Current location: Navarrete, Rioja
Distance covered: 178.5 km
Distance to Santiago: about 600km
We have been walking on average 20 km a day for over a week. We usually start at about 6:30 – 7:00 and don’t stop until 2:30 – 3:00 in the afternoon. Any earlier and it’s too dark to recognise the Camino markings indicating the way. Any later and you will grill under the Spanish sun like a sweaty little chorizo.
Every day is singular in its colours, sounds, smells and tastes, yet similar in its pilgrim’s routine.
You wake up on a bunk bed surrounded by tired souls. The day breaks not with the sun, but with the eager shuffle of sleeping bags being stuffed into dusty backpacks.
The more serious walkers, some with tight deadlines, leave before dawn, the rest of us enjoy the extra hour of horizontal bliss.
Every morning you reinvent the wheel when it comes to the arrangement of your backpack… It is a science to pack it in such a way that the vital is accessible, the fragile safe and the “just washed last night and still damp” carefully hanging to dry on the side.
Most hostels offer breakfast which often consists of toast, jam, fruit and… The quintessential cafe con leche…
The day then unfolds in a soft sequence of stunning natural beauty, historically rich little villages, new acquaintances and the assured progressive swelling of your tired feet.
The Spanish sun is unforgivingly hot and quickly browns all exposed areas. The feet become sore and blisters abound. The legs and knees slowly get used to the new rhythm of the day, but still, each night the albergues’ (hostels) floors resonate with uneven and painful limps.
Some walk for 20km a day, some do up to 40… Whatever your strength, each Caminadore arrives at the hostel exhausted, limping, drenched in sweat and heading straight for the cold relief of a shower. Then lotions, potions, blister care and off to the garden to wash and put up your laundry. Limiting excess weight of your backpack demands minimum gear – especially clothes. So washing is done daily. The hot Spanish sun dries it all in a couple of hours.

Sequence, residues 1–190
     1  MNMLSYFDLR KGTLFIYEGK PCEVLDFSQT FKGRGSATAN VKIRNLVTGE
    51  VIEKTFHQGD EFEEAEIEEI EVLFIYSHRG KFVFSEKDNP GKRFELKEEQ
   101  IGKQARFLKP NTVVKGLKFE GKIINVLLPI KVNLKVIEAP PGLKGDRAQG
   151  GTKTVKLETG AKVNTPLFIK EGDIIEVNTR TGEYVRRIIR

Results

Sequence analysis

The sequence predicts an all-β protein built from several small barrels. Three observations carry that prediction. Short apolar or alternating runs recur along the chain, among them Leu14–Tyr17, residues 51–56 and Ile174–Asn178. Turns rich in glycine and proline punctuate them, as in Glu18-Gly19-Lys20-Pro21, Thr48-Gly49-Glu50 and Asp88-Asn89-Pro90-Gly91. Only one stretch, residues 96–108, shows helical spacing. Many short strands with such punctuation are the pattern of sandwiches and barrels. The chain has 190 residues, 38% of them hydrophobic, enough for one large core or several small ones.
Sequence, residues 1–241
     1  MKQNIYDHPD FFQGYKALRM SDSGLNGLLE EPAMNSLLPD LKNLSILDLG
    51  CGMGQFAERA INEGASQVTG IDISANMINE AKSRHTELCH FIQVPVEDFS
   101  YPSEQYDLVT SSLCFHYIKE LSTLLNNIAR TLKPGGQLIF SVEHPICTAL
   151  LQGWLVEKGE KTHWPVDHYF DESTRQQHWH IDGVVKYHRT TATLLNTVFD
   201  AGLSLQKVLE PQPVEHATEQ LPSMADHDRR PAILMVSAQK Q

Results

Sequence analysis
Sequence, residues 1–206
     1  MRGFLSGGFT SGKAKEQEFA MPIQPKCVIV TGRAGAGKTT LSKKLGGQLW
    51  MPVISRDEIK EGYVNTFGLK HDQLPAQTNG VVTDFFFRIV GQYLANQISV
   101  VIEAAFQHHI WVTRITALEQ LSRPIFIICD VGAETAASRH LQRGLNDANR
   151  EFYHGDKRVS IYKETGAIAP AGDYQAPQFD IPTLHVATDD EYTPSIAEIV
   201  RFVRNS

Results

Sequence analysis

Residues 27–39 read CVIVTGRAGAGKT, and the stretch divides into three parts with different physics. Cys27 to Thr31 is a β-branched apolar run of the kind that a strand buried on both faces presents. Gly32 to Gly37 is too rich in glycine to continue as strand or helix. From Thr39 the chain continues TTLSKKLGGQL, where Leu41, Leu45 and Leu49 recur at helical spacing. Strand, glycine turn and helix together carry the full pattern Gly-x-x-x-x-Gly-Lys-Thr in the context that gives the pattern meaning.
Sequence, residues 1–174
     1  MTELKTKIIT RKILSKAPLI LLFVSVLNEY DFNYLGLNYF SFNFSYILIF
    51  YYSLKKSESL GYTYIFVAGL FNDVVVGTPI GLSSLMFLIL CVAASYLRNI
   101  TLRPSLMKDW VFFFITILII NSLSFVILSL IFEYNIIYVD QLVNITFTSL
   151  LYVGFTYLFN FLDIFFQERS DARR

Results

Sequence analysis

Second to the shower in importance for the daily reward is the pilgrim’s dinner, often offered at a discount for about 10 euros at the hostel or in local restaurants. I knew the food would be good, but never expected such indulgence… All topped off with the best local wine!
Finally, at about 9 pm, with snore-reducing earplugs securely in, we drift off into vivid dreams and solid nights of sleep… You know, the kind you would imagine after 7-8 hours of walking in fresh air, surrounded by nature’s abundant gifts… In essence, a deep and restful night setting the ground for another day on the path to Santiago.
The most amazing feeling in the world must be that of finding yourself in a foreign land, surrounded by unbelievably beautiful scenery, inhaling the pure countryside air, at the break of dawn, when everyone else is still asleep, but you are off on a journey. And to top it all off, you don’t know what the next 20km hold, where you will sleep and who you will meet.
In essence, you follow a narrow path into the unknown, knowing only that you will love and forever remember every stretch of its mystery.
But save yourself the blisters and take the journey by having a look at some pics I took along the Way.
It is not a myth… There is a wine fountain on the Camino!